by David Sisler

It was only yesterday, but it seems like forever.

Actor Charlie Sheen recently announced he is divorcing Donna Peele, his wife of nearly six months, because he was suffocating.

Mr. Sheen conceded that he wasn't ready to be a married man, and that he had, in fact, married the wrong person. He acknowledged he should have taken more time than their six week courtship to get to know Miss Peele.

"I couldn't breathe," he said. "I like breathing too much. I had to come up for air."

A young couple of my acquaintance are planning their nuptials. The service is to be held in less than five months. As Old Dad has remarked, on more than one occasion, "It is easier to plan a wedding than it is to plan a marriage." Translation: after the gown has been hermetically sealed and stored away, the flowers have faded, the guests are gone, and the sparkling wedding ring is covered with toilet bowl cleaner, there is still the day-to-day business of molding two separate lives into one.

You struggle to find a caterer. You ask your friends to recommend a good photographer. Now there are more important questions. Do both sets of hands fit the handle of the vacuum cleaner equally well? Who is going to balance the checkbook? Whose parents will you visit on Christmas?

The wedding is just one day. Marriage is the rest of your life.

Also, as Old Dad remarked, only once, "You will stand before God and everybody and promise to take your companion for better or for worse, in sickness and in health, for richer for poorer. If you knew, absolutely, beyond any possible doubt, that it would only be for worse, and never for better, that it would always be in sickness and never in health, that it would always be in poverty and never in riches, would you still marry each other?"

Their eyes brimming with tears and goofy grins plastered on their faces, they allowed as how they would.

The day Amy and Jack make a public commitment to forever together, Bonnie and I will celebrate our twenty-eighth anniversary. There have been some rough spots over the years. I dug pot holes. She patched the roadway.

Forty percent of the first-time couples who this year will say, "I do," won't.

In a few days, my Mom and Dad will celebrate their fiftieth wedding anniversary -- 18,238 days and nights with frozen water pipes, car repairs, new wallpaper, the perfect Christmas tree, teenaged sons, married sons, grandchildren, sickness and health. Twenty percent of the couples who were married in 1946 make it to their fiftieth. The average marriage today lasts less than eight years.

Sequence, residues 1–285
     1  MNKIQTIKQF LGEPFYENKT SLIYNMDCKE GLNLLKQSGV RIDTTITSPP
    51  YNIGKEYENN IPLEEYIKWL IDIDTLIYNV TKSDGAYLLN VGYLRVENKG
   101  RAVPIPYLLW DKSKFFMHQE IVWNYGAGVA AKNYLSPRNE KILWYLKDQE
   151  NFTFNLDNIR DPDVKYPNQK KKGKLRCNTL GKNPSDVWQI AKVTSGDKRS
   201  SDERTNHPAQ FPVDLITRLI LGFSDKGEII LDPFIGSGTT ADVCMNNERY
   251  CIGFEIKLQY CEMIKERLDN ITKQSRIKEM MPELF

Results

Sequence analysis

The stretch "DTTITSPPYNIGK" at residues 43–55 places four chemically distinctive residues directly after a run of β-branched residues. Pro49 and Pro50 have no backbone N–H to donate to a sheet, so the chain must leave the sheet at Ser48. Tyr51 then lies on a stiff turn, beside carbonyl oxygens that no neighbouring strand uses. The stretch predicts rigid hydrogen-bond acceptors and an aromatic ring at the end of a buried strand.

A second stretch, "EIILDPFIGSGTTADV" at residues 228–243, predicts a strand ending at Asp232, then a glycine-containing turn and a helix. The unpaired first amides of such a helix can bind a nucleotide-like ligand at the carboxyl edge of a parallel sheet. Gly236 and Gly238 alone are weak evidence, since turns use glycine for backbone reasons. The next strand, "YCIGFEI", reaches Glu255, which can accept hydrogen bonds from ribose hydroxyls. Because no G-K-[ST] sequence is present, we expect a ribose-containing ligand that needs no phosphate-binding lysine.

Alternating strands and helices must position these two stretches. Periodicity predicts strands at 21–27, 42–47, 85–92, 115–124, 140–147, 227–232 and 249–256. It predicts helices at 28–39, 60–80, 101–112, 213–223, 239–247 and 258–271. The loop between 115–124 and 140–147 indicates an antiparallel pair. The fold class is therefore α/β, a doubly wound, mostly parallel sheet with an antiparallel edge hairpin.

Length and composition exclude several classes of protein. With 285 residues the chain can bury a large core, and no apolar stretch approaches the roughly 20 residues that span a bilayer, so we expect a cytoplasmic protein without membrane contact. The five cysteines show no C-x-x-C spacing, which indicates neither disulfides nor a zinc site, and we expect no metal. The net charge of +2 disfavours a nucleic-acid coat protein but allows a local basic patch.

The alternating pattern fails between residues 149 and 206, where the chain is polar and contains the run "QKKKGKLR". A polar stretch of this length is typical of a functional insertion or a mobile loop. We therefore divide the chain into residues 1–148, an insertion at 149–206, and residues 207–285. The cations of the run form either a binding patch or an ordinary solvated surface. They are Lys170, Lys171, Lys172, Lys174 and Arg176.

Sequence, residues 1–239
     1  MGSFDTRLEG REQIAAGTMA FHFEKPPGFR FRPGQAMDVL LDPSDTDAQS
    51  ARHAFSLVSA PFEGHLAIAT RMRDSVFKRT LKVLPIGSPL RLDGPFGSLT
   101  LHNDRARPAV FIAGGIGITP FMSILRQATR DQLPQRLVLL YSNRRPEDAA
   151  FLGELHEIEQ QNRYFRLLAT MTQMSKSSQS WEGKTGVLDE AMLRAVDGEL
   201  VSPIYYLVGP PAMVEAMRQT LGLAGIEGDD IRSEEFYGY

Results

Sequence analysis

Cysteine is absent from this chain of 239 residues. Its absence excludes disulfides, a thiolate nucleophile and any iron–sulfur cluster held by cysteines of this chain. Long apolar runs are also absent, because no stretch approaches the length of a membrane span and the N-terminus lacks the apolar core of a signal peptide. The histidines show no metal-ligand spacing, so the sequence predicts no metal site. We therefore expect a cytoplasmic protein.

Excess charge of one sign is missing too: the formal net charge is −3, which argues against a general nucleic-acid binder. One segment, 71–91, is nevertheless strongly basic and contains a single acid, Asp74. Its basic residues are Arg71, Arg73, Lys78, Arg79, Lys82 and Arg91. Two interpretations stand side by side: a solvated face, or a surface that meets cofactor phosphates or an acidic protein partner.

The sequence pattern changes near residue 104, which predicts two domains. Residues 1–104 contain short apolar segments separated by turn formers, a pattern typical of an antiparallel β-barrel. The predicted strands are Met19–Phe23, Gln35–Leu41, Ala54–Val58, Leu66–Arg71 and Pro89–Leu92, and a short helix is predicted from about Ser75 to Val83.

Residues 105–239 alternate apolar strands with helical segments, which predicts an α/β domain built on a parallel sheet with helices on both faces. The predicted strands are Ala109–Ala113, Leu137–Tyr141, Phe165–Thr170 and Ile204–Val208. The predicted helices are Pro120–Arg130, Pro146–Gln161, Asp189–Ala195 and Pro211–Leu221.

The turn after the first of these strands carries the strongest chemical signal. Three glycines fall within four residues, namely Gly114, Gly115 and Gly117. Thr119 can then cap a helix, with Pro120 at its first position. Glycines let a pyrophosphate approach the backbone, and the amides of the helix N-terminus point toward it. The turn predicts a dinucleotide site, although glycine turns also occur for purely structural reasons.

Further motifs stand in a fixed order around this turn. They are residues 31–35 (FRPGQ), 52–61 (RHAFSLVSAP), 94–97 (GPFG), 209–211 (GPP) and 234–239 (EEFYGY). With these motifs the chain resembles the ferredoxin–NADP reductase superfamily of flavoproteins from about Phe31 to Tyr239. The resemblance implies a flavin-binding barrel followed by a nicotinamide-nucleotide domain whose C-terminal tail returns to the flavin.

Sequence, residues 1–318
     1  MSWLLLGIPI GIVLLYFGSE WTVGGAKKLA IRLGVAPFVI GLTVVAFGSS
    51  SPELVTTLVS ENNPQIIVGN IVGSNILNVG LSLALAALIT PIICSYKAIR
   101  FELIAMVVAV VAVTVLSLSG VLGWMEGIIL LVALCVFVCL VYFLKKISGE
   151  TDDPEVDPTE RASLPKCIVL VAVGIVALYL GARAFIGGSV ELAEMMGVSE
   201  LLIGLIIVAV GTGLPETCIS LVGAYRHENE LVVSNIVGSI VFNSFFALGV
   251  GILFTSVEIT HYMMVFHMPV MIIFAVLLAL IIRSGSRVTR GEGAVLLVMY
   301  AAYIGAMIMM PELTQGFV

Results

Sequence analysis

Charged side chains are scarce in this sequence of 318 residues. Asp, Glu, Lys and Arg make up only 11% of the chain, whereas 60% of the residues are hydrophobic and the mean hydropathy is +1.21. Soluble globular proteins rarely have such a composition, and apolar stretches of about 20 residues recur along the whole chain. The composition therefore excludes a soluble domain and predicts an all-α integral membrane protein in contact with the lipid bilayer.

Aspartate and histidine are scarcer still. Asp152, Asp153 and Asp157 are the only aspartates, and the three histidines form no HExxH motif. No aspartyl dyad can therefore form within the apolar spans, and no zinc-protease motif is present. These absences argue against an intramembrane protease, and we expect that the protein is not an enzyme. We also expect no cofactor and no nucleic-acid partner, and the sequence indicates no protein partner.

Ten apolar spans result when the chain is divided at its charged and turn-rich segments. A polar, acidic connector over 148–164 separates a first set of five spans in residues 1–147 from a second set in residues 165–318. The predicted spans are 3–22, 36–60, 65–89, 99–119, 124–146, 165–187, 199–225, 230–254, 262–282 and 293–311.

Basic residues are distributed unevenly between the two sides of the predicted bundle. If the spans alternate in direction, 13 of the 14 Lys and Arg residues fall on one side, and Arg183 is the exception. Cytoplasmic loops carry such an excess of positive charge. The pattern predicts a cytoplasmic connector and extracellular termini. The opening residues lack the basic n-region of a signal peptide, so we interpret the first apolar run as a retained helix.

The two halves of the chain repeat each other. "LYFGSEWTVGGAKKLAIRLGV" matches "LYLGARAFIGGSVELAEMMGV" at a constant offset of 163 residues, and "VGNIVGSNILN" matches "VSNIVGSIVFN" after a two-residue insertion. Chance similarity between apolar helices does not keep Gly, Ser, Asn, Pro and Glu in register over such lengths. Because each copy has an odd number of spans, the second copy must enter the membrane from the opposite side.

In 1993, 2.3 million couples got married, what Elizabeth Gleick calls "that most optimistic of human rituals." In 1993, 1.2 million couples reached another agreement: this marriage cannot be saved.

Judith Wallerstein is a clinical psychologist who took the early lead in warning about the lasting damage of divorce. She found children of divorce to be at higher risk for depression, poor grades, substance abuse and intimacy problems.

In the last 30 years, teen suicide has tripled. Drug abuse, eating disorders and depression among young people have soared. Reports of child abuse and neglect have quadrupled in the last 20 years. Juvenile crime is up 600 percent.

In the 1960s divorce was destigmatized. Not surprisingly, the children who lived through the early days of the no-fault years are clamoring to change the system. Today lawmakers in Iowa, Michigan, Illinois, Georgia and Pennsylvania, among others, are reconsidering their states' no-fault divorce laws. When parents with minor children enter family court in Utah and Connecticut they face mandatory education programs. The problem is becoming so acute that many divorce lawyers are recommending marriage counseling rather than their own services.

The United States has gone from the most marrying society in the world to one with the most divorces and unwed mothers. Today when couples say, "Till death do us part," they cross their fingers and say, "As long as I am happy."

Remember what Charlie Sheen said? "I couldn't breathe. I had to come up for air."

If a marriage -- your marriage -- is to last, your desires, your wish fulfillment must be weighed against your partner's. There is no place for selfishness. The philosophy, "Me, first, everyone else second," is probably the greatest single destroyer of marriage.

Eighty percent of all marriages take place in a house of worship. But that is the last time many couples ever see the stained glass from the inside. Before he ordained a government or established a church, God created the home. Even devoutly religious people get divorced, but if God is left out of a marriage, what chance does it have of surviving? When you got married, you told God it was until death. If your marriage needs help, shouldn't he be the first one you turn to?


Published in the Augusta Chronicle 3/30/96

Copyright 1996 by David Sisler

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